By Dickson Mercer

For July, the weather was perfect. But at the fifth annual Crystal City Twilighter, held last night in Arlington, VA, there was something else in the air – in addition to a pleasant mist.


Regional USATF clubs – each able to enter multiple teams of three runners – competed for a top prize of $1,000 over a fast course.  (The course records are 14:03 for men and 16:21 for women.)

[button-red url=”″ target=”_self” position=”left”] Results [/button-red]Additionally, more than 100 prep runners – and roughly a dozen area high school club teams – participated in the High School Club Team Challenge. The top club team was Washington, DC’s Gonzaga College High School Club, while Nick Bussian of Nokesville, VA was the top prep runner, finishing in 16:53.

And for more than 20 police officers from Washington, DC and Northern Virginia, the Crystal City Twilighter was the capstone to seven weeks of training through a new program called Fit For Duty.

One of Fit For Duty’s volunteer coaches, Ty Heaton, said that all of the program’s participants finished and enjoyed the experience.

“They are looking to spread the word for next year, make it a bigger program … some want to do 5Ks in the fall to see how they can do,” he said.

In the men’s race, with less than a mile to go, Frank DeVar, Sean Graham, and Steve Hallinan – all in the lead pack – were focused on the same prize. As DeVar put it, the goal was to have their Pacers club go “one, two, three.”

“We all run with Pacers,” Graham said, who won in 15:03, two seconds ahead of DeVar. “We run together, train together – it’s hard not to race together, too.”

But Richmond’s Piotr Dybas sure made it interesting. With less than a quarter-mile to go, the 25-year-old made a bold move to the front. And while Graham and DeVar managed to reel him in, Dybas, 25, succeeded in splitting up the group. He took third in 15:08, holding off Pacers’ Steve Hallinan in 15:11 and Jeff Brannigan in 15:23.

The top team, officially, was DeVar, Hallinan, and Brannigan. Dybas led the second-place squad, RVATC, with fellow Richmond residents Jon Molz (7th, 15:43) and Guy Alton (8th, 15:45). In third was another Pacers squad – this one comprised of Graham, Tripp Southerland (12th, 16:12), and Chris Boyd (22nd, 16:43).

For the women, Maggie Infeld, who competes for the New York Athletic Club, won in 16:52.

Infeld, 26, of DC recently competed in the U.S. Olympic Track and Field Trials in both the 800 and the 1500, in which she placed 7th in 4:08.32. After the trials, Infeld, currently in her third year of medical school, started a surgery rotation, she said. As of late, she has had little time to run, let alone train.

“I love D.C. area road races because it forces you to get in a hard effort that’s hard to get in otherwise,” she said.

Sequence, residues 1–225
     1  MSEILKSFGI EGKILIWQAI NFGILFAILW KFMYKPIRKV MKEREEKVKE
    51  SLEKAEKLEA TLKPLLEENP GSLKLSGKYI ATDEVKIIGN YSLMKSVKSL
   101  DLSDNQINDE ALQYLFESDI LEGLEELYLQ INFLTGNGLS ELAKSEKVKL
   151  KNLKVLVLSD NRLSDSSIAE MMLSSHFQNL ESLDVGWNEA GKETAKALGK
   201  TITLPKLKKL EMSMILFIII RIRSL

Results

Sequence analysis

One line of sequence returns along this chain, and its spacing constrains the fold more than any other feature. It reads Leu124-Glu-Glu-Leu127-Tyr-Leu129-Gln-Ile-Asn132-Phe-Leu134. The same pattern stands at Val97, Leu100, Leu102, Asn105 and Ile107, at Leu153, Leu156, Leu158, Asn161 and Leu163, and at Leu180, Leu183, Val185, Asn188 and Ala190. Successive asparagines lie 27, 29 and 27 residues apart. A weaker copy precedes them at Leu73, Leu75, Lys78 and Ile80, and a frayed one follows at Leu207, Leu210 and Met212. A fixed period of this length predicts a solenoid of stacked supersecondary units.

After Infeld, the next three spots belonged to Pacers’ Lauren Centrowitz (17:20), Kerri Gallagher (17:28) and Erin Koch (17:30) – all members of the winning club.

The 2nd place female team, Georgetown Running Company, was led by Laura O’Hara, who was 9th in 18:50, with teammates Teal Connor and Kyra Rathbun both just a second behind her.

Pacers’ 3rd place female team included Lindsay Ritchings (6th, 18:07), Ashley Campbell (14th, 19:15), and Veronica Tinney (22nd in 20:08).

In the master’s division, Edmund Burke (left) of Burtonsville, MD was top male in 16:35, good for 18th overall. Alisa Harvey of Manassas, VA was top female in 18:42, good for 8th overall.

For all runners, the cool temperatures were a relief.  (At last year’s race, the temperature was right around 100 degrees.)

“Given the last couple weeks,” Willis McCloud, 53, of Woodbridge, VA, said, “a lot of us were really apprehensive about what the conditions were going to be like today – so this was perfect.”

McCloud ran last year’s Marine Corps Marathon and now is training for a Tough Mudder competition, he said. And after finishing the race in 24:36, he cheered on other runners entering the final stretch – his way of returning the favor.

“There was a lot of fan participation during the race,” he said, “which for me always helps. I like when there are a lot of people on the sides, cheering, holding signs up.”

Fellow Marine Corps Marathon finisher Crystal Douglas, 47, who ran the race with her husband, Lewis Douglas, 45, also enjoyed the atmosphere, she said.

“It was very lively,” she said. “Plus, we’ve never done a night race – so that was cool.”

Cool, indeed.

“Compared to last year,” DeVar said of the weather, “this was perfection.”


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